Sitting up to swallow makes it worse for a little while. I’m a rational woman, but while I waited for the second one to work I was thinking about having my husband take me to the hospital to have me put down.

Then it washed it over me — freedom from pain. It brought its buddy, the will to live.

And here I am, woke to blog another day.

Another phrase of our own

October 1, 2012

There was a moment, a comment and a laugh once at work. It’s still here.

I was waitressing at Bennigan’s in Boulder, and had gone into the kitchen. I needed a small dish of shredded cheese. Probably someone had ordered it for his ultimate baked potato soup.

I hollered to the guys behind the grill — there were two — “I need a side of cheese.”

The one on the right said, “Don’t fall for it! It’s just a trick to get some cheese.”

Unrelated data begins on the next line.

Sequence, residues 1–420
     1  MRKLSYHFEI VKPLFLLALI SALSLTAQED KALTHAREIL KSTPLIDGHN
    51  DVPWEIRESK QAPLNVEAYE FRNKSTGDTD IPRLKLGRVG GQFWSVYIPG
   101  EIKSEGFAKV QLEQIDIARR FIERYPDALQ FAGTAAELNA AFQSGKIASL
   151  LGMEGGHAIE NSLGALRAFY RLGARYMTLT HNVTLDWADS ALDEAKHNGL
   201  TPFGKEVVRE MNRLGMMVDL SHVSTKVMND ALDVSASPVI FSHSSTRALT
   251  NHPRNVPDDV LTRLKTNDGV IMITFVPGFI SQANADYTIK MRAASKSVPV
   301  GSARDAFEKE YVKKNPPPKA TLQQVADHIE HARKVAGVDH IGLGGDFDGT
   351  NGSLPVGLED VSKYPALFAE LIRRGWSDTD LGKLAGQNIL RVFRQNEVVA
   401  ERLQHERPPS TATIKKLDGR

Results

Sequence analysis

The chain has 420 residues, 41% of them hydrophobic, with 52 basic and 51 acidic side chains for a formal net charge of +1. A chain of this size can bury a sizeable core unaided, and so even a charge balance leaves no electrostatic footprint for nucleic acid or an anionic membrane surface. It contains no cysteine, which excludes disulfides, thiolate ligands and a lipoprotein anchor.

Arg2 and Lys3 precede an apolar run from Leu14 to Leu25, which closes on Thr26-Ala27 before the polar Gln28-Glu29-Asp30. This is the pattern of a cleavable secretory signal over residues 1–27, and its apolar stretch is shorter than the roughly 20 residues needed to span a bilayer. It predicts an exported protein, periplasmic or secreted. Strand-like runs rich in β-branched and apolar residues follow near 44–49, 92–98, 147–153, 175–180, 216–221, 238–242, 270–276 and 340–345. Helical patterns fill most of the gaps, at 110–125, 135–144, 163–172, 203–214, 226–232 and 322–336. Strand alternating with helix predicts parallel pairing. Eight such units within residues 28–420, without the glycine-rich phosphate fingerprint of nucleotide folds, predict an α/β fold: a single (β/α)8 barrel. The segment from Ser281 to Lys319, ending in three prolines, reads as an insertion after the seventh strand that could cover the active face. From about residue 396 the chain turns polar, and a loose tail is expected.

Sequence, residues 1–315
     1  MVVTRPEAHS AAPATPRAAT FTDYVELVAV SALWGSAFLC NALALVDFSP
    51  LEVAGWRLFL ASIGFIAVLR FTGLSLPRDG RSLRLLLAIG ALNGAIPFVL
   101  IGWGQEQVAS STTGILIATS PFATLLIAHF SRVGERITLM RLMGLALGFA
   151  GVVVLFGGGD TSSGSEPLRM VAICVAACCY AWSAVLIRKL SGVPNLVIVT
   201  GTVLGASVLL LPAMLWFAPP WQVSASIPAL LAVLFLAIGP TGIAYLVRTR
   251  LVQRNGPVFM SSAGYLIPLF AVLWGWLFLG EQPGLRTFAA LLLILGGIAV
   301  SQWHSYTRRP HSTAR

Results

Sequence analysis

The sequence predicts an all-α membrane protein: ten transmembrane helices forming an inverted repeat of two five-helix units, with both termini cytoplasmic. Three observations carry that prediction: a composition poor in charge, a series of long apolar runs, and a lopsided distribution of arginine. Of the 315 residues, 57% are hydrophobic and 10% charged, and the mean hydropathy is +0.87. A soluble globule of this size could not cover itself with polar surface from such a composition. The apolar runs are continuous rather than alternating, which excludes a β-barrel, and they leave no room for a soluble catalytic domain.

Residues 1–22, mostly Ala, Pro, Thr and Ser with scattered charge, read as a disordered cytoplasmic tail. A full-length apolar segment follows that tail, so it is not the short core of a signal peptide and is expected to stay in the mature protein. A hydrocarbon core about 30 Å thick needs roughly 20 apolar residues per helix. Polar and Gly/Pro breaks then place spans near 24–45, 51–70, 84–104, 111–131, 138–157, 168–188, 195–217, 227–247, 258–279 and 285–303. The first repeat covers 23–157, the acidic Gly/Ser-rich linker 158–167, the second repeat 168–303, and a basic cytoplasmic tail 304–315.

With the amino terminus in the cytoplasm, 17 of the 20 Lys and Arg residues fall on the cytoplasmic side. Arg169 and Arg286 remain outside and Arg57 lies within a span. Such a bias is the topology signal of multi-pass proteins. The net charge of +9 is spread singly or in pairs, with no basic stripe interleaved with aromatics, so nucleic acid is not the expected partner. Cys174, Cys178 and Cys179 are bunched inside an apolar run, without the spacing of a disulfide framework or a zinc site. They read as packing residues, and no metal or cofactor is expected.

Later that night I told My Boyfriend about it. We had a great laugh.

We were at the beginning of that stage where something isn’t a happy memory until you share it together. I reckon we’re in the middle of that stage now.

I don’t remember the grill cook’s name.

But almost 20 years later, when we accuse each other of having an agenda, we ask if it’s a trick to get some cheese.

How I met Jer

September 30, 2012

My husband’s dinner news last night was that They Might Be Giants has made a science teaching DVD. Just now he put it in my hand.

I have a connection to this band. They’re how I met one of the best friends of my life so far, Jer.

Immediately after I moved to Boulder My Boyfriend and I were getting hippie groceries at the hippie grocery store, and a hippie friend of My Boyfriend was out front wanting a ride. He had two non-hippie friends with him.

In the back seat, the blond friend picked up my collection of cassettes. “Hey! They Might Be Giants! I met them today.”

Jer is a cyclist. At the time, he worked at The Spoke, repairing and selling bicycles.